‘UNCERTAINTY. No more newspapers, no more communiqués. No news. Total isolation. Through the window shutters, I look out for any movement in the street, waiting for “the event” which could start in one hour, one day, one week or one month, but which will certainly happen.’

For the inhabitants of Lille, this event – their liberation from over four years of occupation – came just nine days later.  Yet even in their uncertainty, in their isolation, locals remained certain that victory would come.  If there are any lessons to be taken from this specific part of history, I hope it is that we too can remain confident (without being complacent, whilst doing our bit and praising those whose contribution is even greater than ours) that our ‘liberation’ will arrive – despite our isolation, despite our overall uncertainty.  And perhaps one day a future historian will create a VR holoblog about all this.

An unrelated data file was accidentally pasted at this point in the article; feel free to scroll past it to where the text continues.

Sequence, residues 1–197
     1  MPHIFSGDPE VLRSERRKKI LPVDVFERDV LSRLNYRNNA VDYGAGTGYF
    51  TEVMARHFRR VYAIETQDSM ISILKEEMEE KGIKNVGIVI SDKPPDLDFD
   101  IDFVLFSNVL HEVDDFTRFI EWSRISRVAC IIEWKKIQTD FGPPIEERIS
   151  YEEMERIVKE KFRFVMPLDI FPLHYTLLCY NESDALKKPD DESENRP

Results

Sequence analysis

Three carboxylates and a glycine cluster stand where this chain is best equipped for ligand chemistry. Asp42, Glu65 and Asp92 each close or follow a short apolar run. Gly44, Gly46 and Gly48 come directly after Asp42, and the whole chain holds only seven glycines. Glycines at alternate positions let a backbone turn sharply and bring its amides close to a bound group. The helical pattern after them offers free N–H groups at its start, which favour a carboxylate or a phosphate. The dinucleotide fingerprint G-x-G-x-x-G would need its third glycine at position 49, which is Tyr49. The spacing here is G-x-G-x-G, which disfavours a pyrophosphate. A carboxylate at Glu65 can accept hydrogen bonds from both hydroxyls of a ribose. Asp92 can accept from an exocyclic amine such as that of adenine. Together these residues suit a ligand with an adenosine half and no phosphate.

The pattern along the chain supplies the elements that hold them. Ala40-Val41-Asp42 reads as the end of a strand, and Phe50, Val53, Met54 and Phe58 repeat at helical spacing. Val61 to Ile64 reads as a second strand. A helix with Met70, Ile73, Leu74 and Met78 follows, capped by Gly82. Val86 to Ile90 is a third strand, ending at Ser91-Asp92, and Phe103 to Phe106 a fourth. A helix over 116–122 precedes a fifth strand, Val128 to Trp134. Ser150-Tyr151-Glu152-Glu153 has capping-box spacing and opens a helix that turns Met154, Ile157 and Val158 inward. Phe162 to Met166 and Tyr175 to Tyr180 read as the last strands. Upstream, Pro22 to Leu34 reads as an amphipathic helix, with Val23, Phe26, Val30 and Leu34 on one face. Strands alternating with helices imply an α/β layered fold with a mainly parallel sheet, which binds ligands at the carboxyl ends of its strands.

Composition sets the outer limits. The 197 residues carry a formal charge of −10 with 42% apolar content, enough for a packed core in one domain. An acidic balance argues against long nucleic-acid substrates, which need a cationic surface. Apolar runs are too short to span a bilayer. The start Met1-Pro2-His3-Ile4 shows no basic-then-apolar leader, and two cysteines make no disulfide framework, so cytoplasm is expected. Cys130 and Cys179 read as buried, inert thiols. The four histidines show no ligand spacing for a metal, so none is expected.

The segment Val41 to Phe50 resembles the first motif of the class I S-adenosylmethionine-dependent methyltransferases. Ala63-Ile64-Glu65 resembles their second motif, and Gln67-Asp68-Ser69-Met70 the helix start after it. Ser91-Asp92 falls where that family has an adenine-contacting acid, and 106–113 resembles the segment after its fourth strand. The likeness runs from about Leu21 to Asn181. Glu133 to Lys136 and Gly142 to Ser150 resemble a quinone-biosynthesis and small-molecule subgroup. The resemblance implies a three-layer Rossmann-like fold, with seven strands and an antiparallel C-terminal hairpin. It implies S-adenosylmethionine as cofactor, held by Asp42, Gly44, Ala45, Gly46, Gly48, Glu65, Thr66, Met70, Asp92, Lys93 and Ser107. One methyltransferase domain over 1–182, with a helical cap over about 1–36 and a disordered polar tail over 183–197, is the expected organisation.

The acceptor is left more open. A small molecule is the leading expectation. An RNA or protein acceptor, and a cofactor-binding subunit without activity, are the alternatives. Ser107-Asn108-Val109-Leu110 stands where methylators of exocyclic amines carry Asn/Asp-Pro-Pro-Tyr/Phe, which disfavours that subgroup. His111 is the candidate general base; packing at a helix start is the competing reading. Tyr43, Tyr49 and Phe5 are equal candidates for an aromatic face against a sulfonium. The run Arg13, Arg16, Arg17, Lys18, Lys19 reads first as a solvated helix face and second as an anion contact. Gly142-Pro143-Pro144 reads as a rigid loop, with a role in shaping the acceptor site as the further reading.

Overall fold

Leave a Reply

Your email address will not be published. Required fields are marked *

The Society for the Study of French History logo